Saturday, May 12, 2007

Field Marshal von Manstein The Janus Head a Portrait by Marcel Stein

When I finally got around to reading Manstein's military memoirs I was quite surprised at how much I was annoyed by them. Instead of explaining what had happened and why I was presented with 'what if' solutions and how everyone around him was responsible for the failures under his command and he was innocent and out of the loop. This only one of the reasons I was happy to read Stein's portrait of Manstein. It isn't a biography and it isn't solely about Manstein, at times Stein goes off on tangents to explain who the other characters are in the drama that turned out to have been the German officer corps at war. From the early days when Manstein was coming up the ranks to the July 20th plot against Hitler's life and finally to his testimony at the war crimes trials, all are covered and those who stood up for him and voiced their opinions against him are mentioned and covered in a variety of detail.

To start off I see the good and bad of this book, I agree with many of the authors contentions and at the same time there are some things that I do not think are wholly evident and should be considered practically a given when speaking or thinking of Manstein.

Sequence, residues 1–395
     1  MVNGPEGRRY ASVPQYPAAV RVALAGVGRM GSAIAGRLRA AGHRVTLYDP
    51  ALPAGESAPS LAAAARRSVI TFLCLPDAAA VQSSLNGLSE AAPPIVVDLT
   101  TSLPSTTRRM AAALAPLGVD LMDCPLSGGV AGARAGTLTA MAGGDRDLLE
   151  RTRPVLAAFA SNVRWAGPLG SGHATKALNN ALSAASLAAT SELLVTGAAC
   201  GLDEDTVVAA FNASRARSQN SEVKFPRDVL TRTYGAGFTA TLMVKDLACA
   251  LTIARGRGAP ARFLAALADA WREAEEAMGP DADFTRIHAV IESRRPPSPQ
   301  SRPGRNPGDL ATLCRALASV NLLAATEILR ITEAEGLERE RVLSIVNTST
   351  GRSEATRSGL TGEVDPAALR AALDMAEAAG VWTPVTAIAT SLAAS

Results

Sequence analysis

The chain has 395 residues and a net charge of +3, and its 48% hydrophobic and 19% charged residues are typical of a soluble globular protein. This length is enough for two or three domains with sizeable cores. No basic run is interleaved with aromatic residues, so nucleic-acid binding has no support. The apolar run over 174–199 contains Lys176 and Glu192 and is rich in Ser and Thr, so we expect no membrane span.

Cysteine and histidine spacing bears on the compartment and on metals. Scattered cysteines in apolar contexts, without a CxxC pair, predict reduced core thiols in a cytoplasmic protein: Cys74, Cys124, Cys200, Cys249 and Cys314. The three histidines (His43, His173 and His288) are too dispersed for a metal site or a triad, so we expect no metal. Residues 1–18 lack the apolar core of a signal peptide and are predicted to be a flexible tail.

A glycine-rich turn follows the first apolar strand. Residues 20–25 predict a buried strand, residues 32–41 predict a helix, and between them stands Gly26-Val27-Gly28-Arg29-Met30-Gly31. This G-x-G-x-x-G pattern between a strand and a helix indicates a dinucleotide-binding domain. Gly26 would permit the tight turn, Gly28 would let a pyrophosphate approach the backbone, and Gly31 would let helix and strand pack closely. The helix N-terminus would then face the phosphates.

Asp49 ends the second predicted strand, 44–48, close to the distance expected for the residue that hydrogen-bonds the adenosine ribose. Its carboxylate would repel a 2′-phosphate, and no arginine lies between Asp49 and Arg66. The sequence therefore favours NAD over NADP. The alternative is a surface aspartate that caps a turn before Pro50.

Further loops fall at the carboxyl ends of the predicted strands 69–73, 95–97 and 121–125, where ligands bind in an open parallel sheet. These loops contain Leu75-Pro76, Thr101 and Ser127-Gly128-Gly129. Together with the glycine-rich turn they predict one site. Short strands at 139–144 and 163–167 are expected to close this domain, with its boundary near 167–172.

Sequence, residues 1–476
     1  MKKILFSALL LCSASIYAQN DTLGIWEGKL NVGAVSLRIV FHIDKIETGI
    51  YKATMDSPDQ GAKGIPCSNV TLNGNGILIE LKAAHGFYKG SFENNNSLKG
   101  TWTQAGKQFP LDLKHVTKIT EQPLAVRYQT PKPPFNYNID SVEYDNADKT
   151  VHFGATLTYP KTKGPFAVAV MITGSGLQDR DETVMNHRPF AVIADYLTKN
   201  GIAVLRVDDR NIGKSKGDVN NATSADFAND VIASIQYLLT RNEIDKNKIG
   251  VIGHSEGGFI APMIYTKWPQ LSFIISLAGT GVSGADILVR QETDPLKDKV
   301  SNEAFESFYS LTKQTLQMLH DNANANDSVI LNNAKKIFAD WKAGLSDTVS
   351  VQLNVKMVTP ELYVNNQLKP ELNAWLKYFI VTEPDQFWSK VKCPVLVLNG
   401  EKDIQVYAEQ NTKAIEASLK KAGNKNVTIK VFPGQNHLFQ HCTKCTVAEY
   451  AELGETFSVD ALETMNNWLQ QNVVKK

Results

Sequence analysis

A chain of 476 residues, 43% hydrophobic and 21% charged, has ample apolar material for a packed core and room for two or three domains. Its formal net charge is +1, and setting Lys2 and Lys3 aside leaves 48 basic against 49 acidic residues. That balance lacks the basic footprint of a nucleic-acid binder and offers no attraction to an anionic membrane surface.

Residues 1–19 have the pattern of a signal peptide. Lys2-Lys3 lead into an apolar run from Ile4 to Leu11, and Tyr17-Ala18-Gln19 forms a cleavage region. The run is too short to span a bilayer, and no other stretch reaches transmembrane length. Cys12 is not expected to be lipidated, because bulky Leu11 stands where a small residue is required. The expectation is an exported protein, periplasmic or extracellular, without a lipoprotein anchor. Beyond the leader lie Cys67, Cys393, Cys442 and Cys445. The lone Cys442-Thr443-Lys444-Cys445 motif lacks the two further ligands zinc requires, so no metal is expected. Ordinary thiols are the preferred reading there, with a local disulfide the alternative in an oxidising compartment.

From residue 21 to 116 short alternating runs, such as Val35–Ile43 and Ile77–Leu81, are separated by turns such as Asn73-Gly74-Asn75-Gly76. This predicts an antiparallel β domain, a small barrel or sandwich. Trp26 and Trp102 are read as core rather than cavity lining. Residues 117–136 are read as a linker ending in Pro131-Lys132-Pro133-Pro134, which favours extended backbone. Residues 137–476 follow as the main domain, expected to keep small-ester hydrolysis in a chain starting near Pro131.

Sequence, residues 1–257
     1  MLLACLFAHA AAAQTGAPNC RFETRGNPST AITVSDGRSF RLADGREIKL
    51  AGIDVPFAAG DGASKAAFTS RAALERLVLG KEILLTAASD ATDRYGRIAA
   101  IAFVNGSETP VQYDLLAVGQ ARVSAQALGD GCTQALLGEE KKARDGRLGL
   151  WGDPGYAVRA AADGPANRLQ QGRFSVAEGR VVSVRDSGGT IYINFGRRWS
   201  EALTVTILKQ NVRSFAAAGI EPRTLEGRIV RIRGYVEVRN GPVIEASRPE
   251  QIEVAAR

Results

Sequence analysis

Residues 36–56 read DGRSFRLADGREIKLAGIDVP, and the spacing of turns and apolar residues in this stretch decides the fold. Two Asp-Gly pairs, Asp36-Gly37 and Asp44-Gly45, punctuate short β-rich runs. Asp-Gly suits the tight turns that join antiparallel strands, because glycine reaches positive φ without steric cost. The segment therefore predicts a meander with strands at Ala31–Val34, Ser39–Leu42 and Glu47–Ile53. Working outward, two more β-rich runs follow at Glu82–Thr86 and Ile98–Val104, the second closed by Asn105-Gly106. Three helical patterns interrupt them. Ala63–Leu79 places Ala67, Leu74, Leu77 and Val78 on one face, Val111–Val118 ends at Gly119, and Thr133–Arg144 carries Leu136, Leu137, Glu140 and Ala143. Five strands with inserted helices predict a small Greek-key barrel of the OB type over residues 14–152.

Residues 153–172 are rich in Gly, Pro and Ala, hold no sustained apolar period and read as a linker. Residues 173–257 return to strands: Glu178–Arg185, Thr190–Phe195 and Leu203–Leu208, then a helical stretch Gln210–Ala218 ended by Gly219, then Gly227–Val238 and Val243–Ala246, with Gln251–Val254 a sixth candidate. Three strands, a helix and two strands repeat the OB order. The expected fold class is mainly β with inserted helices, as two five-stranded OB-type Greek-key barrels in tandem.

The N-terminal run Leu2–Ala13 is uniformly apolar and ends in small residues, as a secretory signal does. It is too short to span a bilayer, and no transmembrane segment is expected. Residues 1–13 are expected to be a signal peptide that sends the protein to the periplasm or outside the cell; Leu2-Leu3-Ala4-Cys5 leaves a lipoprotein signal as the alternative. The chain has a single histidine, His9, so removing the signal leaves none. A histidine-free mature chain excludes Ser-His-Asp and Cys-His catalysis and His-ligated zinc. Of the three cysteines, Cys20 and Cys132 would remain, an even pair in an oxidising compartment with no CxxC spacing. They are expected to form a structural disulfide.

The book starts off with a chronology of his activities from birth until he was dismissed from his post by Hitler. At which point there is a chapter by chapter report about his various and controversial activities. The reader is presented with Manstein's actions during the campaign against France. I appreciated Stein's conclusions in regards to what might have happened if Manstein's plan had not been taken up, in retrospect considering the condition of the French Army, the same outcome would have occurred. The Germans, although outnumbered, would have been victorious against the forces of Belgium, the British Expeditionary Force, and the French Army. Yet, Manstein's plan was helpful in bringing the war to a quick end. I cannot say personally that it was "Brilliant" since its outcome was more so decided by the ineptness of the French military than anything 'spectacular' that Manstein or the German army came up with or did, respectively. In the conclusion one will notice Stein says if this is all Manstein had on his record he would be considered one of the great commanders of history, yet to a degree I think he contradicts himself when, as earlier pointed out, he said the outcome was assured before Manstein's plan was even adopted. Considering the fact that the German General Staff is held in such high esteem, it's hard to believe that their original plan would have been that much off as to cause them to lose the entire war.